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Homework 13: Using a GIS (Geographic Information System)

A GIS can be thought of as a digital base map over which layers of data can be displayed. GIS offers powerful ways for geographers to anlyze spatial data and make decisons. Many jobs rely on GIS technology; one reason why geography graduates are very employable. I’d like you to use the MAGIC GIS to find out a little more about Dawlish Warren as part of preparation for your coursework project.

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Before you start, be prepared for your computer to run slowly as you will be interacting with an enormous database buried deep in some high security government bunker.

Follow this link to the MAGIC map of Dawlish Warren

After a while you should be looking at a map of Dawlish Warren. The map will be complicated at first, so here are the basic tools you need to use:

To move the map (panning) click this symbol, and then drag the map

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To change the scale, click the symbol, then click again on the map to zoom in and out on the location you’ve selected.

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Now, lets make sense of the map data. At the moment all the available information is being displayed. Click this button to see all the data layers…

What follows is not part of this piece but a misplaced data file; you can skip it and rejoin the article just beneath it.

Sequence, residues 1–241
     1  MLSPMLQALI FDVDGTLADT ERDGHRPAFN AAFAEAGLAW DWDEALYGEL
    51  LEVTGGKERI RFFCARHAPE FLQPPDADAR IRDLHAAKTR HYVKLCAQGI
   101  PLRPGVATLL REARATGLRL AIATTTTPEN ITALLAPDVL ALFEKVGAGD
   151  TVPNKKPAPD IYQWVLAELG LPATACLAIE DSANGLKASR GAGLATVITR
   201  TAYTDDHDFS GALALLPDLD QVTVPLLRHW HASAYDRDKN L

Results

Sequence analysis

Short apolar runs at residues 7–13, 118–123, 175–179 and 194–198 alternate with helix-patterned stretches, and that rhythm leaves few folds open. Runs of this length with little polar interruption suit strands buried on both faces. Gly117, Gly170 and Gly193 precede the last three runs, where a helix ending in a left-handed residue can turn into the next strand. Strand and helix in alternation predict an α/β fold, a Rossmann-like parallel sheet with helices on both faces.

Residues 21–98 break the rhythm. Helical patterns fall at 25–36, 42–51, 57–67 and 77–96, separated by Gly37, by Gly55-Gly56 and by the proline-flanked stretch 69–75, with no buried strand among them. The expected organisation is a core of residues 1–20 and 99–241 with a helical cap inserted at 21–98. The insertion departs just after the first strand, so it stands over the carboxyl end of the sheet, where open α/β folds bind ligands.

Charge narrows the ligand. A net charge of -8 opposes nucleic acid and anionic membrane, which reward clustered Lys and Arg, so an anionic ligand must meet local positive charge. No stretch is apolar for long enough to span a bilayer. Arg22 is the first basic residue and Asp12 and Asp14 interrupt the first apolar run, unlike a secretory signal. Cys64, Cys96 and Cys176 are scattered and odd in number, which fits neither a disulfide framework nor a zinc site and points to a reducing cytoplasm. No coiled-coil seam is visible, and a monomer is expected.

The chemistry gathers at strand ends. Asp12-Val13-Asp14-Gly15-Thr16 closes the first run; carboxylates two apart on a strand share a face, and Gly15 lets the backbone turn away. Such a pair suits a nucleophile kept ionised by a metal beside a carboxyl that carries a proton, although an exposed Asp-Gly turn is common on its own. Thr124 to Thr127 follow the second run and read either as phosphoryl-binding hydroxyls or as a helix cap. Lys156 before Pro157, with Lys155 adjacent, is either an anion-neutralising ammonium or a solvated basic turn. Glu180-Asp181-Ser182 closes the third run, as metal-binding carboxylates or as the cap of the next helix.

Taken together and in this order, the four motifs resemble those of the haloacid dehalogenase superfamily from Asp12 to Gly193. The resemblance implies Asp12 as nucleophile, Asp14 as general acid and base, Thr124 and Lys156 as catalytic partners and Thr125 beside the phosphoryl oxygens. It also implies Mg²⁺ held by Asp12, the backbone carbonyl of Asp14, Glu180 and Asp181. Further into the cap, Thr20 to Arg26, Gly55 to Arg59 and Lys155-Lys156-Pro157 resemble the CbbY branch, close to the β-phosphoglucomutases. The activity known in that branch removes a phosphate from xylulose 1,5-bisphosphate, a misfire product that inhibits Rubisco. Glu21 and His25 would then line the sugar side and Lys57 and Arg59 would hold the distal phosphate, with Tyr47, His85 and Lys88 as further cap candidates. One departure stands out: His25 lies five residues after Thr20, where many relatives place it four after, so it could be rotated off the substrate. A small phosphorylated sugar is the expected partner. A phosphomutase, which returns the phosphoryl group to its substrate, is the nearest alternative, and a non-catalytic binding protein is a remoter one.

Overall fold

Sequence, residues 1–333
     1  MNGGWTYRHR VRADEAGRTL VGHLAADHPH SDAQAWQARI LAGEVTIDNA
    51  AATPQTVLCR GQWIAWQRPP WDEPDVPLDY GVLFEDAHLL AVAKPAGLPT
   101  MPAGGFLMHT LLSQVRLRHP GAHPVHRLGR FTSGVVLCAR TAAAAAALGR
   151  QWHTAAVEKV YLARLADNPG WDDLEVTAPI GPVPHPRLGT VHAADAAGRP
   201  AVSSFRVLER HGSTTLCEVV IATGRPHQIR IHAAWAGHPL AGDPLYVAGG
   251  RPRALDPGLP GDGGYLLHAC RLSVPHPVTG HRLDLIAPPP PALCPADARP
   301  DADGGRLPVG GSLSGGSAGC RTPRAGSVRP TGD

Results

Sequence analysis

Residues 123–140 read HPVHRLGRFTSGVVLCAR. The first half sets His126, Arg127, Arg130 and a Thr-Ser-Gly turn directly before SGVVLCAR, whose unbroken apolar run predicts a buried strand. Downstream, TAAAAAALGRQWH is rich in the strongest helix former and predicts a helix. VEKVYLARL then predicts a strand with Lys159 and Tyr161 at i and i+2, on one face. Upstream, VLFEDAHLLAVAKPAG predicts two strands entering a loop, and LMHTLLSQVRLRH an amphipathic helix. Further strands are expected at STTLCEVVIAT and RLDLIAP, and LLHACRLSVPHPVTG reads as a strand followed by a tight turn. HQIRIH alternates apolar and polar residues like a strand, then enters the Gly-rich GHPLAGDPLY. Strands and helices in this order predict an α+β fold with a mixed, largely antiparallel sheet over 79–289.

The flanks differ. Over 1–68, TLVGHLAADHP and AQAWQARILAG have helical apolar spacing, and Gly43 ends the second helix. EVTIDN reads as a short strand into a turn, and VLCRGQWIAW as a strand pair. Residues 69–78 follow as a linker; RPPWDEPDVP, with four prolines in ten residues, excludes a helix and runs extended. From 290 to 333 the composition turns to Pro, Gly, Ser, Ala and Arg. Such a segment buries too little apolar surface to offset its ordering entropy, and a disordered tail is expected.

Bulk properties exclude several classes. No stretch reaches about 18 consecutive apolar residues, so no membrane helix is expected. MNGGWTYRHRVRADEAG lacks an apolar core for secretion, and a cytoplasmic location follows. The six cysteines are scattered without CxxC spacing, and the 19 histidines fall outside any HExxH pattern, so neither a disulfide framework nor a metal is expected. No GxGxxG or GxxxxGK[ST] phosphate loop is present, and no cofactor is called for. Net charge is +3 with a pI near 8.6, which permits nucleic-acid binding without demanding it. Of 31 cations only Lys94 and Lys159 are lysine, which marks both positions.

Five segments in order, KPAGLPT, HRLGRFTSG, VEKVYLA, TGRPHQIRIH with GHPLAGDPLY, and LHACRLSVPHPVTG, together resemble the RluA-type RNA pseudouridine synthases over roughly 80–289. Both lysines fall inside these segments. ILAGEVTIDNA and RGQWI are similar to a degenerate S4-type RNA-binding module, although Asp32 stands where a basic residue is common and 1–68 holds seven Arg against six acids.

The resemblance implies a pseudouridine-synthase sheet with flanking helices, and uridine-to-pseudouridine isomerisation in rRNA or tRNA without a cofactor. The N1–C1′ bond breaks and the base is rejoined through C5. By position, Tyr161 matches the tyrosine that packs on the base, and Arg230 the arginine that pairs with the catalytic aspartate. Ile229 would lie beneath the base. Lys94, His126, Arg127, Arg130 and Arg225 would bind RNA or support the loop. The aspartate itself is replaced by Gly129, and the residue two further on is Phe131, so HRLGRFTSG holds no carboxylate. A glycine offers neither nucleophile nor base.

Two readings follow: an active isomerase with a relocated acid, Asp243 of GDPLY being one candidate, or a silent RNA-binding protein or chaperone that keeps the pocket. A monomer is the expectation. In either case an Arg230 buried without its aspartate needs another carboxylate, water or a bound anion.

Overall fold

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This box will appear. Try turning all the layers off apart from Sites of Special Scientific Interest…

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Nothing will happen until you click this button!

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If the map slows down or you want to go back to the map with all the layers active, click this button.

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Reload the map or click here if you see this message for too long. While it is common for there to be delays when using GIS, this message also means that data is being collected, so be patient.

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Finally, the map tools will let you print off maps, save screen shots, measure distances and a lot more. Just mouse-over the different symbols to find out what each one does.

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Now it’s time to get mapping…


5 minute GIS Homework task:

1) Create a map that shows the extent of the tourist “honeypot” at Dawlish Warren. This the area outside the Nature Reserve and Site of Special Scientific Interest. 

2) Create a map that shows sand dunes and mudflats of the whole Exe estuary and the location of Dawlish Warren.

Print these  maps off if possible. Don’t upload to your Posterous. If you have problems with MAGIC the FAQ may help.

3) Use Where’s The Path? to look at different maps and photos of Dawlish Warren. Follow this link. WTP isn’t a real GIS, but it great for visualizing the Dawlish Warren area. It is best to use WTP in the morning, because it is limited in how many OS maps it can show in one day.